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Neighborhood environment, social participation, and physical activity in older adults with lower limb osteoarthritis: A mediation analysis

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Florian Herbolsheimer, Nadine Ungar, Erja Portegijs, Dhayana Dallmeier, Laura Schaap, Toby Smith, Brendon Stubbs, Dorly Deeg, Richard Peter, Maria Victoria Castell, Ángel Otero, Mark Edwards, Paola Siviero, Federica Limongi, Elaine Dennison, Natasja van Schoor, Nicola Veronese, Erik J. Timmermans, Suzan van der Pas

Original languageEnglish
Article number102513
JournalHealth and Place
Volume68
DOIs
PublishedMar 2021

Bibliographical note

Funding Information: Germany: European Union (No.:2005121) and Ministry of Science, Baden-W?rttemberg; Italy: National Research Council; The Netherlands: Dutch Ministry of Health, Welfare and Sports (project number 321175); Spain: National Fund for Health Research (05/1898; FIS_RETICEF_RD06/0013/1013; FIS_PS09/02143); Sweden: the Swedish Ministry of Higher Education; UK: The Medical Research Council of Great Britain and the Arthritis Research UK (project numbers 20665 and 4050502589); The German Research Foundation founded Florian Herbolsheimer (No. 398948032) and Nadine Ungar (No. 396651852); Toby Smith: National Institute for Health Research, UK. Publisher Copyright: © 2021 Copyright: Copyright 2021 Elsevier B.V., All rights reserved.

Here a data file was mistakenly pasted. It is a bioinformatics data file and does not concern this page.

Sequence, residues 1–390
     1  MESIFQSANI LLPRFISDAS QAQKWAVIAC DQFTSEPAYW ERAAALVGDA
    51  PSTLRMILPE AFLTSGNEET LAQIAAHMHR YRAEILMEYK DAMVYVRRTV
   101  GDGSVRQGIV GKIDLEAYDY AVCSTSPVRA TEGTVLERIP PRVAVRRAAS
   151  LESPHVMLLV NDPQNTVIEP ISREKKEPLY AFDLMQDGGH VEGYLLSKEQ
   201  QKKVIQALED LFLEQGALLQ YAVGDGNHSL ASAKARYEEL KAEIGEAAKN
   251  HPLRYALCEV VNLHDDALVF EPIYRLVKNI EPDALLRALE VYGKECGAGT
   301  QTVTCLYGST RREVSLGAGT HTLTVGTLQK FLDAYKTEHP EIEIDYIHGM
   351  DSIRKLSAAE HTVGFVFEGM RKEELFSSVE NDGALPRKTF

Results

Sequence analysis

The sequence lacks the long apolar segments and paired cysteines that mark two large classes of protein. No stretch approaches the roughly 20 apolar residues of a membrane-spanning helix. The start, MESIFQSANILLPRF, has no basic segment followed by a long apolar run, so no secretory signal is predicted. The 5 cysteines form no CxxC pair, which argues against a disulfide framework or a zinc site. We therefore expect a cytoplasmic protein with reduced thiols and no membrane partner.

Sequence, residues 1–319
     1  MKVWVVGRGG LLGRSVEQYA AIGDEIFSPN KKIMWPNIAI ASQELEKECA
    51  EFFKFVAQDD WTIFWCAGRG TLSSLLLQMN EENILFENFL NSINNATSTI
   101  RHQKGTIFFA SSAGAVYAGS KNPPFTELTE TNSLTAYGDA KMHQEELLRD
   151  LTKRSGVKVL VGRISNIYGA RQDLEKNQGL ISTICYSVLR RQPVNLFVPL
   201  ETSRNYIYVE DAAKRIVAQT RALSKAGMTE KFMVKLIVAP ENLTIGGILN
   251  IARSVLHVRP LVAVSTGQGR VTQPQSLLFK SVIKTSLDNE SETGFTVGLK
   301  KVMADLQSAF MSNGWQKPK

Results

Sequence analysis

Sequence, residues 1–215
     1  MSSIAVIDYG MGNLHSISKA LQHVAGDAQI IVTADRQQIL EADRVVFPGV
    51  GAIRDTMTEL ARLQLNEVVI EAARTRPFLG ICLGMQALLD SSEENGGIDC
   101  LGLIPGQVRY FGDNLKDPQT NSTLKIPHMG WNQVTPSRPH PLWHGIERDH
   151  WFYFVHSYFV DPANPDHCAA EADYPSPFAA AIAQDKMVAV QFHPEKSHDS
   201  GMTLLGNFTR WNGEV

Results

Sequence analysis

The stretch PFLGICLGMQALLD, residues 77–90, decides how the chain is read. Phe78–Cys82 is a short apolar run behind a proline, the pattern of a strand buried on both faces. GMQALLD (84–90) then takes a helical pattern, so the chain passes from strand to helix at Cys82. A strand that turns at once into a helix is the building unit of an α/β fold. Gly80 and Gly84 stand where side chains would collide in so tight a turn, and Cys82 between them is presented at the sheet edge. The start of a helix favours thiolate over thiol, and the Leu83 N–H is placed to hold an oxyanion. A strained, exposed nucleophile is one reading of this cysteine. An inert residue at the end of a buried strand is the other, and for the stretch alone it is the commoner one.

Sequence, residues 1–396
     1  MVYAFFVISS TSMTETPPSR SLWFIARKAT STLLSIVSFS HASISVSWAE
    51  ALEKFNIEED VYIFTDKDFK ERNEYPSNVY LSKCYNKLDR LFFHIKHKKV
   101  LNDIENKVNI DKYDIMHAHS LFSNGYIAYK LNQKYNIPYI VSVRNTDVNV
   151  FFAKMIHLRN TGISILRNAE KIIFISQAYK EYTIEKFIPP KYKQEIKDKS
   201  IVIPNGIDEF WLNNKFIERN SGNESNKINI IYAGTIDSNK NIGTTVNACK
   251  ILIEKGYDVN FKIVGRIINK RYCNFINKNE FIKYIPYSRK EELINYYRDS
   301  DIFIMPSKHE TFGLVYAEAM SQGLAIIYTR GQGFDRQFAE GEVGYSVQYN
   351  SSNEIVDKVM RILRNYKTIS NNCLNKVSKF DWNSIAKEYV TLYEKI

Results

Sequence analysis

King's Authors

Abstract

Older adults with lower limb osteoarthritis (LLOA) are highly dependent on their physical and social environment for being physically active. Longitudinal data from 2286 older adults (Mage = 73.8 years; 50.3% female) in six European countries were analyzed using cross-lagged Structural Equation Modeling (SEM) and multi-group SEM. In cross-sectional analyses, neighborhood resources were associated with physical activity (r = 0.26;p <.001) and social participation (r = 0.13;p =.003). Physical activity at follow-up was associated with neighborhood resources, with this relationship mediated by social participation in people with LLOA (β = 0.018;p =.013). To promote future physical activity, opportunities to socially engage in neighborhoods need to be targeted primarily to people with LLOA.

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